By: Kerry Bazany
You and your friend are out for a great night of one of your favorite activities: dining out! Several hours or perhaps a day later, said friend calls with a question, “Didn’t you have what I had at the restaurant? I think I got food poisoning”! Indeed, you had the same dish, but you do not have any symptoms of gastroenteritis at all. You offer your sympathies, and then puzzle over why you did not get sick. But it is possible for one person to get sick and another to be completely healthy after eating the same contaminated food item.
Everyone Has a Different Immune System
Whenever we eat food, there is always the possibility that it will be contaminated with pathogen-like bacteria. Some forms of these bacteria are easily attacked by our immune systems: either the body is able to fight off the bacteria, or the bacteria and its resultant symptoms, take hold. Individuals that have a poorly-functioning immune system are far more susceptible to foodborne pathogens. These individuals with compromised immune systems include older adults, very young children, and those who have recently had surgery and are healing. Other populations include those who have a long term illness such as cancer patients, diabetics, those who are HIV positive, and transplant recipients.
You Can Boost Your Immune System
We can all benefit from improving our immune systems. Researchers are focusing on exploring the effects of diet, exercise, age, and even psychological stress on the immune system response. However, the best way to begin is to investigate healthy-living strategies.
- Don’t smoke
- Eat a diet rich in fruits and vegetables as well as whole grains
- Avoid a high fat diet, as is common with fast foods and processed foods
- Drink alcohol in moderation
- Get enough sleep at night
- Wash your hands frequently so as to avoid the risk of infection
- Get regular medical screenings for people in your age group and risk category
Foods that Boost the Immune System
- Citrus fruits: Contain vitamin C that helps the production of white blood cells, important to fighting infection.
- Red bell peppers: Contain almost twice the amount of vitamin C than citrus fruits and are a great source of beta carotene.
- Broccoli: Contains the vitamins A, C, and E and is best prepared not cooked at all in terms of vitamin retention.
- Garlic: These clever cloves have been used for centuries by a variety of cultures in order to fend off infections. Its immune-boosting properties derive from sulfur containing compounds, and garlic may also help lower blood pressure.
- Ginger: Ginger is another herb that many turn to when they become sick. Ginger may help decrease inflammation and help subside nausea.
- Spinach: Spinach contains antioxidants and is also rich in vitamin C. Like broccoli, it is best prepared with as little cooking as possible.
- Yogurt: Look for yogurts that have “live and active cultures” on the label as they may stimulate your immune system to help fight bacteria. Avoid sugary yogurts.
- Almonds: Almonds are loaded with vitamin E which is essential to a healthy immune system. Almonds are also packed with “healthy fats”, and a half cup serving provides almost 100% of the recommended daily amount of vitamin E.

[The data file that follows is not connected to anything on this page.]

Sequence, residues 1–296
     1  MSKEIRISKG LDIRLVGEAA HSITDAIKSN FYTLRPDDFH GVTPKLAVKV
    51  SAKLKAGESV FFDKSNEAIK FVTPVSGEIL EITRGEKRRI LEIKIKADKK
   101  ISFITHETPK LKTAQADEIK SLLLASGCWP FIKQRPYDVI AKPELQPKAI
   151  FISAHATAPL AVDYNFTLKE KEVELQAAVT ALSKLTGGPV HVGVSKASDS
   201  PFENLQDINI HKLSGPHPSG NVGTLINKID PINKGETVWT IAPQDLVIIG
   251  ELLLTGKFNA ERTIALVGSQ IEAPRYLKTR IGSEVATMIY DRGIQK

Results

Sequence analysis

- Green tea: Green tea contains flavonoids which are a type of antioxidant. But where green tea stands out is in its levels of EGCG (epigallocatechin gallate) that has been demonstrated to enhance immune function.
- Kiwi: Kiwis contains folate, potassium, vitamin K as well as vitamin C, necessary for boosting white blood cell production.
- Papaya: Papayas are absolutely stuffed with vitamin C.
- Sunflower seeds: These are filled with nutrients, including vitamin B-6 and vitamin E. Eighty two percent of the recommended serving of vitamin E can be found in a quarter cup serving. Vitamin E is a powerful antioxidant that can also be found in high amounts in avocadoes and dark, leafy greens.
The Elderly Are a Unique Risk Group When it Comes to the Immune System
The elderly (aged 65 and older) are unfortunately more likely to be prone to infections such as those caused by foodborne illnesses, and are more likely to die from their complications. Research indicates that this increased risk is associated with a decrease in T cell production that correlates with a thymus that atrophies with age. The thymus produces these vital T cells that are necessary to stave off infection.
Exercise and the Immune System
Regular exercise has been demonstrated to first and foremost, improve cardiovascular health as well as lowering blood pressure and controlling body weight. It can also protect against disease by its correlation with improving the immune system response to infection by promoting healthy circulation. Consequently, good circulation permits the cells and other components of the immune system to move through the body and do their job.
Food Safety Practices are Your Best Immune System Defense
Sometimes getting a foodborne illness is unavoidable because you have no control, unfortunately, over the handling and preparation of your food. However, you can greatly reduce the potential contaminants in your own food preparation at home by implementing the simple food safety measures of washing and rinsing all produce, separating foods while preparing, washing hands and preparation surfaces frequently, and cooking foods to the correct temperatures. These measures, in addition to the suggestions for improving your own immune system, can immensely add to your culinary enjoyment!